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£5m Czech-made, UK-bound illegal CD business stopped

Four pirate CD traders were today convicted for running a £5 million illegal operation that imported copyright-infringing CDs from the Czech Republic and sold them in shops and stalls across South East England. The court found all four defendants guilty of conspiring to defraud the music industry.

The case was brought by the Fraud Prosecution Service acting on information from the BPI and IFPI. In January 2008, two of the defendants (Wasim Mir and Ayaz Qureshi) pleaded guilty to conspiring to defraud the music industry. Today, the jury at Snaresbrook found the remaining two defendants (Farhat Nissa and Mohammed Shaikh) guilty as charged.

Nissa and Shaikh were found guilty after an eight-week trial. The court heard that Nissa's company, SFH, one of the largest independent brokers, based in Hatfield, Hertfordshire, was commissioned by Wasim Mir, a market trader, and others to import the CDs. Mir admitted supplying market stalls and shops throughout the South East.

The operation involved the manufacture and distribution of unlicensed pirate urban music compilations. Some of these became brands in their own right with the In The Club series running for more than 15 editions.

BPI made a test purchase of a CD which was dispatched to IFPI’s Forensic facility. Using state-of-the art forensics, investigators were able to pinpoint the source of the discs and trace them back to a manufacturing plant in the Czech Republic, whose operators helped identify the convicted four UK traders. Waseem Mir was arrested and his storage facilities raided by the police. During that raid 25,000 infringing discs were recovered and again samples were sent off for forensic examination by IFPI.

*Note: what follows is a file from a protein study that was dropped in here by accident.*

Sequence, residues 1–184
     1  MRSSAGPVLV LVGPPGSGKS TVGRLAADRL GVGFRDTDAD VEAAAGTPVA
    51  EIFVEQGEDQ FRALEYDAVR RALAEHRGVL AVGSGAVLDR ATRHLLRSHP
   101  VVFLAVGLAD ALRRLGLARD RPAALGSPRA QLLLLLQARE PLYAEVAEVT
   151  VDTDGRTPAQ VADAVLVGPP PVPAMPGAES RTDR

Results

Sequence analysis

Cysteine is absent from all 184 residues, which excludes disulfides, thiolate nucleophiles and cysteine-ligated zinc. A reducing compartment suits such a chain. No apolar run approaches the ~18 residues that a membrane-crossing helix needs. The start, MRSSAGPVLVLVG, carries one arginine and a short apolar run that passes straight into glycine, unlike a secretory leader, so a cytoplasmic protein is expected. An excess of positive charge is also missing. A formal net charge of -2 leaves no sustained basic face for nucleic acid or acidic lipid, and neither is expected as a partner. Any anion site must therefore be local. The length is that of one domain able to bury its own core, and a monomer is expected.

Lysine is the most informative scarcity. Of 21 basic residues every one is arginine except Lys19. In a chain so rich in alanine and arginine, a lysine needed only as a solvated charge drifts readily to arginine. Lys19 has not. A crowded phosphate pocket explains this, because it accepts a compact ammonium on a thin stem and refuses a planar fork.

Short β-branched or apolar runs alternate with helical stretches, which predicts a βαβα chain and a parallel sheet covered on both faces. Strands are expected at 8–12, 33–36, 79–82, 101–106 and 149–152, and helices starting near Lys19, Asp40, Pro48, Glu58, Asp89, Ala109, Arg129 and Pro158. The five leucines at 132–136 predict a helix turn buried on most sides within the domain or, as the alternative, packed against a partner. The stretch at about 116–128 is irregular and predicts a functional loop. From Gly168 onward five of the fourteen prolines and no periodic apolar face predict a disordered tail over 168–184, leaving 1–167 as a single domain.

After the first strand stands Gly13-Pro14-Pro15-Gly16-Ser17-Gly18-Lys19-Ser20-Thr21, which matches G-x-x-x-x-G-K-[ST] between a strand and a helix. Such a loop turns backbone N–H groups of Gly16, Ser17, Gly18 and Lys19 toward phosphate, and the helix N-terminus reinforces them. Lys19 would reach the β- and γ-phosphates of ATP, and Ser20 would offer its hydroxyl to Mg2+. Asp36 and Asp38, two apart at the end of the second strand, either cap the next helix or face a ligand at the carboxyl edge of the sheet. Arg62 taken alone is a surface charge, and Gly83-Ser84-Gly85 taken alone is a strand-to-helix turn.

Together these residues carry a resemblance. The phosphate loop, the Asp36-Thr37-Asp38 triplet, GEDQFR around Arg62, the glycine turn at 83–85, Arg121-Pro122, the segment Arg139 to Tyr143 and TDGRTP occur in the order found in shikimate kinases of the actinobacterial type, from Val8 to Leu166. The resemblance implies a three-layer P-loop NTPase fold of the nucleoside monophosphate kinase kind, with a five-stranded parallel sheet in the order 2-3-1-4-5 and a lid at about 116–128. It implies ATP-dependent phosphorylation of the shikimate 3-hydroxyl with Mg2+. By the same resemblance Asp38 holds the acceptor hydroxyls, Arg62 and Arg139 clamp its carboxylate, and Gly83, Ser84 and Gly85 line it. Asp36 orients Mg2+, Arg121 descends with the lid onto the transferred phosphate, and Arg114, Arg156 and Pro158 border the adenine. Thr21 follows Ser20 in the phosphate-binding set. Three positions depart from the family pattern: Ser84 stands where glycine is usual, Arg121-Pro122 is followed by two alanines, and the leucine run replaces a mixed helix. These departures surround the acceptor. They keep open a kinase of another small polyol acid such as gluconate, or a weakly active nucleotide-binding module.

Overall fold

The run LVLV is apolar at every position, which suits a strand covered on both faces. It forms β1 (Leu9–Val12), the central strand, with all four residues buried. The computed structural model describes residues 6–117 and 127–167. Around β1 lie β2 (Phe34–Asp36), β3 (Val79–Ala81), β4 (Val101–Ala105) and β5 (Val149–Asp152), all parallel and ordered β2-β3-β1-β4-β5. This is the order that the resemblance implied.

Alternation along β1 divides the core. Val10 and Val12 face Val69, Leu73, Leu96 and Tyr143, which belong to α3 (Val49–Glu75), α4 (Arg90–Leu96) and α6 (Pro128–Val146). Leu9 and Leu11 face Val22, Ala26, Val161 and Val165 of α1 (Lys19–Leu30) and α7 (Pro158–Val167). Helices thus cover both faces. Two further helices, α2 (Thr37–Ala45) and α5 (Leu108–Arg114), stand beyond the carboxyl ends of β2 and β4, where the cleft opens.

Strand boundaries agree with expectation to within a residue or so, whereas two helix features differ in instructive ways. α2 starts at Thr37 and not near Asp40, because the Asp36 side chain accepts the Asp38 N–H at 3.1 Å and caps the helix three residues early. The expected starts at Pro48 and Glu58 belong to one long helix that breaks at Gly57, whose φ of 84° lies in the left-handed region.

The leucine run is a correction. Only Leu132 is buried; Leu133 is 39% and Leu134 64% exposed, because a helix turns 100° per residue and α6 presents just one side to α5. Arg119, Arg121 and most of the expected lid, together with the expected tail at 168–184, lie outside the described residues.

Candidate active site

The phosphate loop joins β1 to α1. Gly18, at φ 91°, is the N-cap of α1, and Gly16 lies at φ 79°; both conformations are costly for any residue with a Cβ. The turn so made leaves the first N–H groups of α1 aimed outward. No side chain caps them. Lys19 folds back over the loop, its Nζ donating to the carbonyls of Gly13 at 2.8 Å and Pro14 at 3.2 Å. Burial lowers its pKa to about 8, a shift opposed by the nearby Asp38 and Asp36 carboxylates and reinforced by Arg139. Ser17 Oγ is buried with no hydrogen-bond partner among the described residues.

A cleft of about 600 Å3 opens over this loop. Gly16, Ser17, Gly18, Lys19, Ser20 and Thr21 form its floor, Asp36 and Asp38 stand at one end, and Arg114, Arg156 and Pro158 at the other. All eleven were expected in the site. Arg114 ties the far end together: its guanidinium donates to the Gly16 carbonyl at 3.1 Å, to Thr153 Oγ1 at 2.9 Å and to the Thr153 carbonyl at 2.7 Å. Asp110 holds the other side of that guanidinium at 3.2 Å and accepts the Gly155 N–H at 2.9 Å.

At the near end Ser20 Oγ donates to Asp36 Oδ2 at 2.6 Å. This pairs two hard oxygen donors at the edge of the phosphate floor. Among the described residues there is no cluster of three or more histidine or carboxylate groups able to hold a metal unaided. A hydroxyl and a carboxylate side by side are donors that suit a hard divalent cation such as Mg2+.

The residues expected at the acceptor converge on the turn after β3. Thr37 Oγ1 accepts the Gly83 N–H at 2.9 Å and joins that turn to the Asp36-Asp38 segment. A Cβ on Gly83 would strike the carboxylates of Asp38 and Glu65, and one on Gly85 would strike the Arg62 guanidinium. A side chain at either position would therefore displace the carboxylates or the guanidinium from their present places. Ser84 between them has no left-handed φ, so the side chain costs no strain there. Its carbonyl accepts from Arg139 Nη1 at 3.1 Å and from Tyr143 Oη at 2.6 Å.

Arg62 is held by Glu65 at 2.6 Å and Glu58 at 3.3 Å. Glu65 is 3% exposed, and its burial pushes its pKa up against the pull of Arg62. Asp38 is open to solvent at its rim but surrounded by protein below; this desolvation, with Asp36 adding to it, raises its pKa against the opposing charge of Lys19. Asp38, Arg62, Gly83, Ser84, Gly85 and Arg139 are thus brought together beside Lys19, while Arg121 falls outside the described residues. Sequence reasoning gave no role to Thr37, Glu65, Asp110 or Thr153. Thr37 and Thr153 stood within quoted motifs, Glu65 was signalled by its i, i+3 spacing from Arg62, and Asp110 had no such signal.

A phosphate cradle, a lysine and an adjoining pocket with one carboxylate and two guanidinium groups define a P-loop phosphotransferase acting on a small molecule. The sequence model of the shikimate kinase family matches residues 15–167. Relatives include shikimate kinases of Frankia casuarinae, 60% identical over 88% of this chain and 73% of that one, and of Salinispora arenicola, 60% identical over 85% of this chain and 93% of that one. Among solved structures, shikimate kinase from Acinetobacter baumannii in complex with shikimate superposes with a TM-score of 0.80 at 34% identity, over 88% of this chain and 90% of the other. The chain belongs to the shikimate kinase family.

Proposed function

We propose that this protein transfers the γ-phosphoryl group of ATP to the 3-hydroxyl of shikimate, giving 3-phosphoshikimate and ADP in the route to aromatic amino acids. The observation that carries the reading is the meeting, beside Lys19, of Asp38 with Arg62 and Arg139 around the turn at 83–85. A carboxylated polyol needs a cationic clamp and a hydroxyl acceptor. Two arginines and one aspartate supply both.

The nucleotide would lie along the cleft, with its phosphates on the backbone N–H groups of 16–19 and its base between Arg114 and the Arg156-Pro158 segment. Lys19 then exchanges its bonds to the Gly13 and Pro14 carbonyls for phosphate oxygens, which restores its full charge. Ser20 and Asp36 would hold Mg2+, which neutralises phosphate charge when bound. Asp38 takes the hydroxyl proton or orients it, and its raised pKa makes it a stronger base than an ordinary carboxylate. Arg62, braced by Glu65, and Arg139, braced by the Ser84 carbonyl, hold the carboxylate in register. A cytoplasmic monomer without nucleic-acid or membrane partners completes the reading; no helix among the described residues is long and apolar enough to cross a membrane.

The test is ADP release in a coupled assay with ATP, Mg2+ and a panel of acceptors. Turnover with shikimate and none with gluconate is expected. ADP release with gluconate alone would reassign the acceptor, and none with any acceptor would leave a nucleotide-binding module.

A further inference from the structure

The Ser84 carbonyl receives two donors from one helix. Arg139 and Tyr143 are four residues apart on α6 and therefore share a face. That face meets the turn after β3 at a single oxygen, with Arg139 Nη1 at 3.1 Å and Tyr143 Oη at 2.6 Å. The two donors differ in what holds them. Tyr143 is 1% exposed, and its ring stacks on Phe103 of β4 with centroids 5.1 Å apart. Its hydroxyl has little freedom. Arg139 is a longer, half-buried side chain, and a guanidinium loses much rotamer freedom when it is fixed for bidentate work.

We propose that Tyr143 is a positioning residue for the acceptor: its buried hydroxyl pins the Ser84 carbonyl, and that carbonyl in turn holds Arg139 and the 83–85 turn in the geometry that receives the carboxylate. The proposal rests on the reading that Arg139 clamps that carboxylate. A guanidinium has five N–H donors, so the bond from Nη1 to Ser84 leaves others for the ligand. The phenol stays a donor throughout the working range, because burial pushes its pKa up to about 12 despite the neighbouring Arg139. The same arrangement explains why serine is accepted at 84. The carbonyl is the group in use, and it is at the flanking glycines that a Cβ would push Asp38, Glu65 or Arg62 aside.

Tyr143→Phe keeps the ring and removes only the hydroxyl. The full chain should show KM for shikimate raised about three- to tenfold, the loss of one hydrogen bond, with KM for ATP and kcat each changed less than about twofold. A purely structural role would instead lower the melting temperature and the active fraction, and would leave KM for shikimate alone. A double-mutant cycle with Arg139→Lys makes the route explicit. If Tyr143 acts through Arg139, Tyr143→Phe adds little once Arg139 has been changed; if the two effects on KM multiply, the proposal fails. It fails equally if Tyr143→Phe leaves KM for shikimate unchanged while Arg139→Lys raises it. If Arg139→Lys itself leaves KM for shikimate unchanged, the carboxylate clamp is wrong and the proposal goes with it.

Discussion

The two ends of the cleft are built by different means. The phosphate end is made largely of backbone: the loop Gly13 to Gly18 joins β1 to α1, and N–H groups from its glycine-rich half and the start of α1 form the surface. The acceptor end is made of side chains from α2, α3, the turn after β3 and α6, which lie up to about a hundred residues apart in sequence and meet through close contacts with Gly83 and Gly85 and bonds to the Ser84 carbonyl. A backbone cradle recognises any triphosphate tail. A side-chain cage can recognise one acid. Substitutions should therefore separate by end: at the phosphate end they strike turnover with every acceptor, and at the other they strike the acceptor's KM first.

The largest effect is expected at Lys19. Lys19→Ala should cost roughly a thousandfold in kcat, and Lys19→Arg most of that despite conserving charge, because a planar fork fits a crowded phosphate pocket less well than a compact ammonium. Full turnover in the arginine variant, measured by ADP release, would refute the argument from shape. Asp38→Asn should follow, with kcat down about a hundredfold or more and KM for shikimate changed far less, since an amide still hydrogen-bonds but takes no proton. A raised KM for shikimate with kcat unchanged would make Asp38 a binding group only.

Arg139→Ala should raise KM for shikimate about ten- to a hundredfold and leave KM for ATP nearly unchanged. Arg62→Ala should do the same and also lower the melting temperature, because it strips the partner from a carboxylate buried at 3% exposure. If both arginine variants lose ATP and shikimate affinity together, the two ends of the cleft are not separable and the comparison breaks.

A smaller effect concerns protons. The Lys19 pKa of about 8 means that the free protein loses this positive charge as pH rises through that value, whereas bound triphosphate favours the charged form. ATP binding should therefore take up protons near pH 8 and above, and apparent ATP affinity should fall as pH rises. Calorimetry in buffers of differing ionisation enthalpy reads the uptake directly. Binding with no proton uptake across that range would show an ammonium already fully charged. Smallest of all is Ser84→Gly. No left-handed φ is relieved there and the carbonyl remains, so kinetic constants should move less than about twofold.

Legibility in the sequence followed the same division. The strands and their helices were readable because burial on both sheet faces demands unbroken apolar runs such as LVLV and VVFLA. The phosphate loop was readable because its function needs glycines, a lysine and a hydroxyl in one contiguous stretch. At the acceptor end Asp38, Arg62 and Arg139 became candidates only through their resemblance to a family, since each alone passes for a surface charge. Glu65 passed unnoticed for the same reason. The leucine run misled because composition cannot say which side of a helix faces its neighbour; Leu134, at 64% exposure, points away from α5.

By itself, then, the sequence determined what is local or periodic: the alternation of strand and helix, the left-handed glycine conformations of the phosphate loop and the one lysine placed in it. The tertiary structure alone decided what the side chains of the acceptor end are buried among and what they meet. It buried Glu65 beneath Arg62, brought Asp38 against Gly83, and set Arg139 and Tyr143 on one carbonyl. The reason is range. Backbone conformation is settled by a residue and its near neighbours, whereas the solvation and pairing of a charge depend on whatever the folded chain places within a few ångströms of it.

BPI estimates suggest that more than 400,000 boxsets containing between two and five CDs, some with DVDs, which sold for around £12 a title, were imported during the fraud. The conspirators now face an application for their assets under the Proceeds of Crime Act.

IFPI’s Head of Enforcement, Len Hynds, said: “This was a sophisticated criminal conspiracy of international proportions. The pirate’s business model netted them vast profits dispelling the myth that music piracy is about street level rogue traders – the truth is that it’s highly organised with far reaching societal impact. Essentially this case was cracked through cooperation between the industry bodies and law enforcement in the UK and Czech Republic. Of course none of this would have been possible without the efforts of the Metropolitan Police and I applaud its foresight and efforts pursuing this case. Experience tells us that organised crime will turn its hand to whatever makes a profit – if it thought that music piracy was a soft option it should think again.”

Story filed 10.03.08

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